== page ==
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Of Love and Evil (Songs of the Seraphim, Book 2) Hardcover – Deckle Edge, November 30, 2010
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From Publishers Weekly
In Rice's slim second Songs of the Seraphim novel (after Angel Time), the angel Malchiah whisks ex-contract killer Toby O'Dare back to 16th-century Rome, where Toby must save Vitale de Leone, a young Jewish physician who's been implicated in the poisoning of his gentile master and accused of bringing a poltergeist-like dybbuk into the household. Toby resolves both problems efficiently, but tragedy ensues, shaking his faith and leaving him vulnerable to powers of evil lying in wait to exploit his weakness. Toby's life back in modern times also grows complicated with the sudden appearance of an ex-lover and the son he never knew, neither of whom he can share his angelic interventions with. Though the plot is surprisingly similar to that of its predecessor, Rice's fans will easily succumb to the charm of her lapidary prose and a cliffhanger ending that sets up the next book in the series. 200,000 first printing. (Dec.) (c)
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Toby O’Dare, the assassin who started on the path to redemption in Angel Time (2009), continues his quest for salvation. He has just learned that he’s the father of a 10-year-old boy and is nervously awaiting the arrival of his former lover, Liona, and their son at the Mission Inn in California. He longs to be a part of the boy’s life and to rekindle his relationship with Liona, but he is summoned on another time-traveling errand of mercy by the angel Malchiah. This time Toby is transported to fifteenth-century Rome to respond to the prayer of a Jewish physician named Vitale, whose best friend and patient, Niccolò, has clearly been poisoned. Given the city’s virulent anti-Semitism, Vitale is at risk if the real culprit isn’t discovered. In addition to helping Vitale save Niccolò, Toby must discover the origins of an angry spirit that is haunting the house Vitale lives in. Toby is surprised by the dangers he faces in a story shaped by Catholic doctrine. Readers who enjoy Rice’s larger-than-life tales and elegant writing will find much to appreciate here, and the cliff-hanger ending will leave fans eager for the next installment. --Kristine Huntley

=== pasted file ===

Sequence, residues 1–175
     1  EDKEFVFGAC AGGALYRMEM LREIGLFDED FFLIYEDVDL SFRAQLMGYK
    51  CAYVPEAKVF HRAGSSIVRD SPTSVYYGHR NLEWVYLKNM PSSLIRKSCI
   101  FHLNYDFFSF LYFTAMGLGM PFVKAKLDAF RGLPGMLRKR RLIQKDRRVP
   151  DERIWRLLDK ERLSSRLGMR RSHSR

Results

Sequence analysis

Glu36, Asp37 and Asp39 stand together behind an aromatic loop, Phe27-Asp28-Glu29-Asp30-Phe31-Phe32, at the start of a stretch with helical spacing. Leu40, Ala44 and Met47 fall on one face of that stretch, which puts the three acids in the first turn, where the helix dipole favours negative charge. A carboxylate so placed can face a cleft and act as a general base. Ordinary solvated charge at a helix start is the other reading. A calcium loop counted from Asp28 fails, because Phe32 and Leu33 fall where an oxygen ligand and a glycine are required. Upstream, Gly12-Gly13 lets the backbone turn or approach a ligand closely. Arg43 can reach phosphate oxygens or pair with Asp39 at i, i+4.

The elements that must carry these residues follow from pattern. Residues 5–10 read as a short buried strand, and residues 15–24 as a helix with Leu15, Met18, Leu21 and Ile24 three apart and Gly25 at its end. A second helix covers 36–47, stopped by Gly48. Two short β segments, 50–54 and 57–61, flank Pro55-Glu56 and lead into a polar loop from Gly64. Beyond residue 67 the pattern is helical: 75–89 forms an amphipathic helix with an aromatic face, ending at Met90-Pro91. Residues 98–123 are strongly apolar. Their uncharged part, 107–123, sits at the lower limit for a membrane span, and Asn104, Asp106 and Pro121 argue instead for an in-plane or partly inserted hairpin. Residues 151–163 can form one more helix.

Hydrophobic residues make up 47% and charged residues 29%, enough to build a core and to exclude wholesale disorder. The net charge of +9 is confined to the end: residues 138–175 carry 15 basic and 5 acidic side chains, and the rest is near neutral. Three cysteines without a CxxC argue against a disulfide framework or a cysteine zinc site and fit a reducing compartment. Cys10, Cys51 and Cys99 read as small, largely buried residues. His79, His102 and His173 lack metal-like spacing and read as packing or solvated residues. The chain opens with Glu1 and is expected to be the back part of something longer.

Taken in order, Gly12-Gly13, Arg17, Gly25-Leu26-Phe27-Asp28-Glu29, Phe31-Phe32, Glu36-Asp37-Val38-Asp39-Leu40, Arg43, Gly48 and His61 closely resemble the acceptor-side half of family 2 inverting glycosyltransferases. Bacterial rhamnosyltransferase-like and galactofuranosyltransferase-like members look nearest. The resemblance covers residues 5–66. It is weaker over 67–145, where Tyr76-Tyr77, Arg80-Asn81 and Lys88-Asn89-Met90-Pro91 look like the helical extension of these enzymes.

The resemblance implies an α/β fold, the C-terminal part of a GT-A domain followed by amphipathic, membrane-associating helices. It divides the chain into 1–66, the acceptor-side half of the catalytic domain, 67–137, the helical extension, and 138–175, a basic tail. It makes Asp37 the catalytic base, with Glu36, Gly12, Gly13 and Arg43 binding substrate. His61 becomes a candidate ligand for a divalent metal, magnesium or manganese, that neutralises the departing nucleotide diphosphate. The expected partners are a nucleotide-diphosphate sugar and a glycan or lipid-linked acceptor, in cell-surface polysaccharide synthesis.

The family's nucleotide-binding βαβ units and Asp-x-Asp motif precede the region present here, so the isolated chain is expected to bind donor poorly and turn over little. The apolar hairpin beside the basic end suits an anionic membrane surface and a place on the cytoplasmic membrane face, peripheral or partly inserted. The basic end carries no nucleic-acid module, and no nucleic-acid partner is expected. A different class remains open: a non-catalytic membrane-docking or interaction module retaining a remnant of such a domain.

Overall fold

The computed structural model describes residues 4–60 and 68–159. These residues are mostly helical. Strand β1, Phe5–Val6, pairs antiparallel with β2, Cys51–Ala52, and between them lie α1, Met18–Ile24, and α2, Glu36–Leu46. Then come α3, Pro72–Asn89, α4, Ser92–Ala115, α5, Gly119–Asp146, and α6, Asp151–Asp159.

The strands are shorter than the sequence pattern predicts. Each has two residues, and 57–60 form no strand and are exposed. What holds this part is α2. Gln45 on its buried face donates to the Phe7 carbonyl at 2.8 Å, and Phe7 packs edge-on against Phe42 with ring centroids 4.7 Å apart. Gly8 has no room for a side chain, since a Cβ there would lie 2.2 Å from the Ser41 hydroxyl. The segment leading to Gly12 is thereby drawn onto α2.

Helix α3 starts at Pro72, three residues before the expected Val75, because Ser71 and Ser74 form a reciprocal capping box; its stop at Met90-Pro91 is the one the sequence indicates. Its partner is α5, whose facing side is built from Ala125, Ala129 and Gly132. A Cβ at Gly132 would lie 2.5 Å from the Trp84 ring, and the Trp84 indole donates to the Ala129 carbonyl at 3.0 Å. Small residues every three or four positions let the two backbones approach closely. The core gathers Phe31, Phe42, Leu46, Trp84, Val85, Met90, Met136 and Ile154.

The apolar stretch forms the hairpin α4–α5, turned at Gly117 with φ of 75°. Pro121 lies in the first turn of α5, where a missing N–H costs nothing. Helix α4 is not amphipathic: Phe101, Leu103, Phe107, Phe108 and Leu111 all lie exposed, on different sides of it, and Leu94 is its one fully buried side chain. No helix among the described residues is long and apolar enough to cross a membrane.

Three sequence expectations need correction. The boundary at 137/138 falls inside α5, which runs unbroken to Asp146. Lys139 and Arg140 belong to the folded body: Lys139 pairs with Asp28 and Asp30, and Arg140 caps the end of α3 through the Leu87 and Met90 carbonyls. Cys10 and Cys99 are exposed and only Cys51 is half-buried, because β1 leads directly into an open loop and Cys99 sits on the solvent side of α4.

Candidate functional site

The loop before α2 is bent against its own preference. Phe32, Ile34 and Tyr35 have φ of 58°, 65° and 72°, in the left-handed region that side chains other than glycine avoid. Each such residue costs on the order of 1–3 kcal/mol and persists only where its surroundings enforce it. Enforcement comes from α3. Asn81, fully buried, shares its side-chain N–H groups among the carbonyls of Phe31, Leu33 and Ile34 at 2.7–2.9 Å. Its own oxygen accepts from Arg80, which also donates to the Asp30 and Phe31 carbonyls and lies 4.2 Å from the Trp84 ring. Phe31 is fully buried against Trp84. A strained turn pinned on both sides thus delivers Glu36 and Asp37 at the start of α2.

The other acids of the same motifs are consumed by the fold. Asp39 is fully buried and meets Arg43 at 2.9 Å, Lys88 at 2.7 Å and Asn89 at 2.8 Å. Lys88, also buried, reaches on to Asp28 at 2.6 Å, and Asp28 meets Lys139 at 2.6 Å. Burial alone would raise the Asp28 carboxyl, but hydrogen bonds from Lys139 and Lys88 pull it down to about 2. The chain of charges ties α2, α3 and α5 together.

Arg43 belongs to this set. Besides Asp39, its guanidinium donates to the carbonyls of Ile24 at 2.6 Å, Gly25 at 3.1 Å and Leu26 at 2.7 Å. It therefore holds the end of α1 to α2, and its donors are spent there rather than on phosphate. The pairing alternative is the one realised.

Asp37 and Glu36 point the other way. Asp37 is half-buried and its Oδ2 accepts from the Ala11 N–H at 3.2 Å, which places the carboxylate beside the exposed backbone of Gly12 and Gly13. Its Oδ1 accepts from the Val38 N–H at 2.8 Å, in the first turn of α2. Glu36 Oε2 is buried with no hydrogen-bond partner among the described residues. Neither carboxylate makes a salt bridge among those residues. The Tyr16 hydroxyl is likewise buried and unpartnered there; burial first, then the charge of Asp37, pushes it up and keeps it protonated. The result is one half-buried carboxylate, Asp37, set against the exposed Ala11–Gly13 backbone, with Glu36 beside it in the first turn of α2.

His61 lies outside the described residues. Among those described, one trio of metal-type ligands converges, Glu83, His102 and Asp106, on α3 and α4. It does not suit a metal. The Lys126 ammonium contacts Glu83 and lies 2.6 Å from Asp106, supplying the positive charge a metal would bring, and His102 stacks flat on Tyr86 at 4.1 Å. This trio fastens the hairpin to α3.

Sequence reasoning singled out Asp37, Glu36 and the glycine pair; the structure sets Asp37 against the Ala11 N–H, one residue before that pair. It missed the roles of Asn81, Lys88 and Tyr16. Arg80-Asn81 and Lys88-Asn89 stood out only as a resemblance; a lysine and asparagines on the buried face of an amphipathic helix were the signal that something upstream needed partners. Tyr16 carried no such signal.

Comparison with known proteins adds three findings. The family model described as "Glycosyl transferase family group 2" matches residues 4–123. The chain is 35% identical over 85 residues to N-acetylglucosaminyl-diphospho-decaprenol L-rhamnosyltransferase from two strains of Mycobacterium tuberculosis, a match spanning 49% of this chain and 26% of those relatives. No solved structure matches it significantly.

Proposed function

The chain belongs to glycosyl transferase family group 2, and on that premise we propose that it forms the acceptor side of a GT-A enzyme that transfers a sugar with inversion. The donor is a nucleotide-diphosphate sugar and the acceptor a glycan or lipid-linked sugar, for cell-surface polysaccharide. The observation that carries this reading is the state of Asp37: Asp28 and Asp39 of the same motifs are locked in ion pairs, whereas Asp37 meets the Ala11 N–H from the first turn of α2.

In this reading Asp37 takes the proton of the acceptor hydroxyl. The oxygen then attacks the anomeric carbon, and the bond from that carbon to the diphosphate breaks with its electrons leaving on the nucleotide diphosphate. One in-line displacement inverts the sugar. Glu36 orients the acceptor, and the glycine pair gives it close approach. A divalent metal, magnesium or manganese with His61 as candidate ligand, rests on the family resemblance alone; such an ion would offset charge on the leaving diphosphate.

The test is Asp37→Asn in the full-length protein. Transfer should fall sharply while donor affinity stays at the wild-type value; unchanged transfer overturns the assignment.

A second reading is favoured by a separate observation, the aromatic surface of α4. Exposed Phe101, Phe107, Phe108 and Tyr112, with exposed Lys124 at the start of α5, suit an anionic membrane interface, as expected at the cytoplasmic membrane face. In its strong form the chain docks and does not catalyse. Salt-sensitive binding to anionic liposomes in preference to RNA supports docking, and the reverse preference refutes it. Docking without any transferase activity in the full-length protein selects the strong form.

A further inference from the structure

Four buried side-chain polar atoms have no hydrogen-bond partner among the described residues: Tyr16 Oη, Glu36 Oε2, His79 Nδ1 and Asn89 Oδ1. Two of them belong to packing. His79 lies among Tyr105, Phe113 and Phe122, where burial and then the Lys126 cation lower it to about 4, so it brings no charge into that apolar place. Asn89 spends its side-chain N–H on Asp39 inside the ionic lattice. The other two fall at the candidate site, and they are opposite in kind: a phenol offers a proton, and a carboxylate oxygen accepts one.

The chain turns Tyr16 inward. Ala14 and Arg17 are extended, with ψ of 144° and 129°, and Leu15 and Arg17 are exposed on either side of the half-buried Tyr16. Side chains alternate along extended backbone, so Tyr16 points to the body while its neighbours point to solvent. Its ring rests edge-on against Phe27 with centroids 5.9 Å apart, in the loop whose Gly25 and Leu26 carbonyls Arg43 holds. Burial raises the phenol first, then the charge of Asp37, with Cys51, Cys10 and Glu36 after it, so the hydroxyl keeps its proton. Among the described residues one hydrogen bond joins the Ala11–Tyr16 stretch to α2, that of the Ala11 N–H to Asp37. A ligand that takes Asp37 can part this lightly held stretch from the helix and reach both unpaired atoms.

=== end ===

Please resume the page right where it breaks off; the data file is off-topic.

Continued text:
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O'Dare travels to Rome during time of the loss of power of the Medici in Florence (Savonarola) and during Jewish persecution in Rome. He is sent to discover what is causing a dybbuk (spirit) to continue to haunt a house and a particular family. I think I am dissatisfied with this particular novel set in this particular time period because I am comparing it to the works of Sarah Dunant, especially The Birth of Venus, and there is just no comparison. Of course, Ms. Rice did research on the time period and even a particular event in Rome, but the scholarly results are just not woven as magically and as deeply as with Ms. Dunant's efforts. Not that much time seems to have passed between the first book in the angel series, Angel Time, and this one, and perhaps not enough time was given for the next deadline, but I am a little disappointed in this effort. I still have not read any of Ms. Rice's vampire books, just her angel-themed ones and her Christ-themed ones after her return to Catholicism a few years ago.
A little before Of Love and Evil was published, Ms. Rice's subsequent leaving of Christianity and organized religion was in the news. If you follow her on Facebook, you know how interactive she is with her followers and how she posts current events and asks provocative questions about a number of issues. I really enjoy the discourse she encourages. Her postings are usually either informative or controversial and I appreciate her accessibility to the "people of the page." This regular discourse and dialect might be another reason I am somewhat disappointed in Of Love and Evil. I just did not care about the characters in Rome that she introduced. The threads of this tale just were not interwoven to the extent to get me emotionally involved. I did enjoy the continued story of Toby and his personal redemption from assassin to angel assistant, but his story is only one aspect of this short novel. Ms. Rice does create another dilemma in O'Dare's continuing drama, and I will read the next one.
I will recommend this book as a quick and easy read, but did not enjoy this effort as much as I had hoped or as much as the four previous books of Ms. Rice's that I have read.
After reading the first five chapters or so I thought to myself, Mrs. Rice is losing her touch. However, once Toby got to Italy the story started to really move and I found myself turning the pages with anticipation. The characters Toby meets in the past are especially well drawn and her prose is as vivid as ever. Remember, even though Mrs. Rice is a devout Catholic, this is fiction not theology. However, her historical setting is spot on. You can tell a lot of research went into this little book. This is not her best work, but stick with it and I think you'll enjoy it.